The goal of brain surgery is tumor resection. For brain tumors, surgery may be performed for different reasons, such as taking a tumor sample for diagnosis (biopsy), removing as much of the tumor as possible or to help prevent or treat possible tumor complications.
Brain surgeries are delicate, especially when it comes to cancerous or benign tumor removal. In the last two decades, neurosurgery has evolved regarding the technology involved in the procedures. Until a few years ago, the surgeon was undergoing an operation to remove a brain tumor without certainty of the extent of the lesion due to its infiltration into brain tissue, and its size is difficult to know.
Today, with the help of bloodless brain surgery Long Island, which has become part of the routine of neurosurgeons, the reality is different. Removing the tumor, reducing damage to brain tissue, avoids sequelae and morbidity, and improves postoperative conditions and patients’ quality of life, a breakthrough in modern neurosurgery.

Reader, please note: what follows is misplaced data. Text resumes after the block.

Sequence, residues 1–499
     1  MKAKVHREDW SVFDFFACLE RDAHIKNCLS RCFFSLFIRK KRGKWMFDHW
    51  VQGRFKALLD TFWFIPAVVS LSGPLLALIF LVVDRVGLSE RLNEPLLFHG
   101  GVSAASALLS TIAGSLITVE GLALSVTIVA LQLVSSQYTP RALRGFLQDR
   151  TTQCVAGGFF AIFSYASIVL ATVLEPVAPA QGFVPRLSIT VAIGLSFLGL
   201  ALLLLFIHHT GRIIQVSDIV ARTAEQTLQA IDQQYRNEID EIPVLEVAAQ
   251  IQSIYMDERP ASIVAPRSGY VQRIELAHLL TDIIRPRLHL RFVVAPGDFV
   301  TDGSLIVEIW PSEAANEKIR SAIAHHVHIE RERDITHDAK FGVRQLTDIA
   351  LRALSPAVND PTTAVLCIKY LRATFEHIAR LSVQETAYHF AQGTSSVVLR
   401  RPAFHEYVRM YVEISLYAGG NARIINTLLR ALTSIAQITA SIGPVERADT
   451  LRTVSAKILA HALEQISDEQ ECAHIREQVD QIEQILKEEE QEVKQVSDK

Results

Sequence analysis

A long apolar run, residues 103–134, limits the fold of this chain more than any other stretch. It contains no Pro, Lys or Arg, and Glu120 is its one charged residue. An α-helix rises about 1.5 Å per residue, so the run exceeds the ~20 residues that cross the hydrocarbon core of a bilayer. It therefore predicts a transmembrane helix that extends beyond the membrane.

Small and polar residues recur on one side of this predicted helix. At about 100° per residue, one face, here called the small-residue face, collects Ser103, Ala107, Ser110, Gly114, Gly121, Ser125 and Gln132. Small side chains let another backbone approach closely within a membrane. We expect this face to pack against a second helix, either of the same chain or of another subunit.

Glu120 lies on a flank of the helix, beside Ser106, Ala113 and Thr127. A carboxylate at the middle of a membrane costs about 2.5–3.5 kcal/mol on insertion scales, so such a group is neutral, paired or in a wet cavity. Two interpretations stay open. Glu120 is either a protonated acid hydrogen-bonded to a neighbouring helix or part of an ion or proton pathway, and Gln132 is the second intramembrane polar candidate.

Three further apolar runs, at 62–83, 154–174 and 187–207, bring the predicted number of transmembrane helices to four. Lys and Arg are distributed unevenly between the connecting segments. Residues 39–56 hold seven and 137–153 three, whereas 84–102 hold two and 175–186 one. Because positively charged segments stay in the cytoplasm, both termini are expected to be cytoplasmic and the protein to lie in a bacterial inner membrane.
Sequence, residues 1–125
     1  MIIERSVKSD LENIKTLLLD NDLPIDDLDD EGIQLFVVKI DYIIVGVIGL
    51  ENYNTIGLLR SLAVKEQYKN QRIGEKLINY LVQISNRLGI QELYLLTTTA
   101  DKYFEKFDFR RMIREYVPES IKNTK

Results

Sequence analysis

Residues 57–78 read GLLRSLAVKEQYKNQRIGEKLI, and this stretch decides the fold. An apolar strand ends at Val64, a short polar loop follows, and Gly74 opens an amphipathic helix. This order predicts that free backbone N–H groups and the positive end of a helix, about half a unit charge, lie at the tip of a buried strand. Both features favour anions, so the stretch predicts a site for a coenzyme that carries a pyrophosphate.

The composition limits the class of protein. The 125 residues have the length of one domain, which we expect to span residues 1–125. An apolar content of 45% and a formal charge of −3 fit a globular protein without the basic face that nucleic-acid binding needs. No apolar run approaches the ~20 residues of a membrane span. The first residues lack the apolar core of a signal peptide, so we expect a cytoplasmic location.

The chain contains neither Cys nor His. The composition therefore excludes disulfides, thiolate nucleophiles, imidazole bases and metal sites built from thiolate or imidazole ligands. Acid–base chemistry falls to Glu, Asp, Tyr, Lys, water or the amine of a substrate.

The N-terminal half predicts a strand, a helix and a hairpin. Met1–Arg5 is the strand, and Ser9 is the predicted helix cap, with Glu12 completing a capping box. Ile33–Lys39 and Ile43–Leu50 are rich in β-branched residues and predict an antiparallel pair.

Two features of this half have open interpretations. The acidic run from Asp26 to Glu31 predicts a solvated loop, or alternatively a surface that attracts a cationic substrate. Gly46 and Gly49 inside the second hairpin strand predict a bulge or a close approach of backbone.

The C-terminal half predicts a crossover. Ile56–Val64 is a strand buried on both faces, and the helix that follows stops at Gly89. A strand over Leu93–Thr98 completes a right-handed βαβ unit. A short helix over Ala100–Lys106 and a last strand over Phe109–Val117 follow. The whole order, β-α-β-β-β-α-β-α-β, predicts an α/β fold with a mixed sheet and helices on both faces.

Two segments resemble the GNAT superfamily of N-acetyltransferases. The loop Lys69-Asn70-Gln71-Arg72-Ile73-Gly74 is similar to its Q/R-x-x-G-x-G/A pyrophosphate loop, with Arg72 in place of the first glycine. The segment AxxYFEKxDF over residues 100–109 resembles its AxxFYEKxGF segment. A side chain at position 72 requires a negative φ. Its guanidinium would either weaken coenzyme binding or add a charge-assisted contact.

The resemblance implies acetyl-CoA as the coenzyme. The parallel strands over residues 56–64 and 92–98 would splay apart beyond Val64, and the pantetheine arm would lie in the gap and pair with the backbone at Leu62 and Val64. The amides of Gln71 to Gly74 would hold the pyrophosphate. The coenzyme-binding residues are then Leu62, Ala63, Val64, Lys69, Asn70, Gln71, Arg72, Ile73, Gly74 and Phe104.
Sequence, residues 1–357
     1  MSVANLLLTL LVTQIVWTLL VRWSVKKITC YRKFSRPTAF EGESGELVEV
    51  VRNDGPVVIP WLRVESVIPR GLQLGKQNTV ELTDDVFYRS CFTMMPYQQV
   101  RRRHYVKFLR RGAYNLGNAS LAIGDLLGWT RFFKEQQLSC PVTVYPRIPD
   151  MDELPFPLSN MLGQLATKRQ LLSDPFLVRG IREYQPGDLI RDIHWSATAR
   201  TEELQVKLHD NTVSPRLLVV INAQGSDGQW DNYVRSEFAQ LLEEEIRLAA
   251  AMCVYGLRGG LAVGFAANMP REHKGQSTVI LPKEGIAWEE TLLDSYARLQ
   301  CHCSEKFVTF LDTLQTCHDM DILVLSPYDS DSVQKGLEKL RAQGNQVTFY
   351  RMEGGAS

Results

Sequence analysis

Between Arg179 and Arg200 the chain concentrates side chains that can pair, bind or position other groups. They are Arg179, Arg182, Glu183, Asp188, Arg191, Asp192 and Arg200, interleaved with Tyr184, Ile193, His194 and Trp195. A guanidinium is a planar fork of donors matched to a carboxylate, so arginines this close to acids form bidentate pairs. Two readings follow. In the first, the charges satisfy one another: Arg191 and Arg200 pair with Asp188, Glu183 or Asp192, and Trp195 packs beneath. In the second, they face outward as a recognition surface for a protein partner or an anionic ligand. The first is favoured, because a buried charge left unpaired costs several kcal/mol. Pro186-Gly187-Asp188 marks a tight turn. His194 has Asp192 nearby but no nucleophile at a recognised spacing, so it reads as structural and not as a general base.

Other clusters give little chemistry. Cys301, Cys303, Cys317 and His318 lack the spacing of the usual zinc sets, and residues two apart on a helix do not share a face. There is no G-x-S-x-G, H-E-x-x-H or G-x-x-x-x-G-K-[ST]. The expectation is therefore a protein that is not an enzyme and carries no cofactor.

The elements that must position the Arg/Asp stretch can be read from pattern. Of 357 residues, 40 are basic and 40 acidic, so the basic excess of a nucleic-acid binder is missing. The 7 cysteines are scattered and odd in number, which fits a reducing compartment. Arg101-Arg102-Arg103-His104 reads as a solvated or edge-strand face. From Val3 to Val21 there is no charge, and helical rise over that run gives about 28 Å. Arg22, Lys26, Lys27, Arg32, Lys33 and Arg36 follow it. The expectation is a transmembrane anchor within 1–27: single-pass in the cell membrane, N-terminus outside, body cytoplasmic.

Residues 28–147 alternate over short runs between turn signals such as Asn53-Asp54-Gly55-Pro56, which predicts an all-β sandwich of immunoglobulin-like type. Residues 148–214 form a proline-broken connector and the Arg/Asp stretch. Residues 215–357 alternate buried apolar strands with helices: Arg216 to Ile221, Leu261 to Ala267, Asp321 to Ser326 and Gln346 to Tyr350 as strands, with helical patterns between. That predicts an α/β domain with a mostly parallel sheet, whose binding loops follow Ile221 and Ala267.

The most current medical procedures involve a specific set of equipment – a German microscope, a scanner doppler, an ultrasonic cleaner, a neuro-navigator, and a computer. Until 2012, it was unimaginable to perform such a surgery. These surgeries are now possible and many people are benefiting.
In most cases of people who develop a brain tumor, the patient does not even suspect they have the problem. The patients arrive practically in a coma sometimes. And with the information from the relatives who accompanied them, they report a severe headache and vomiting. Through CT and MRI scans, the symptoms are confirmed.
Symptoms are not going well in the brain, and not necessarily being a tumor, is a severe headache, followed by vomiting. Pain usually occurs due to increased intracranial pressure. Many patients who experience any of these symptoms seek a hospital.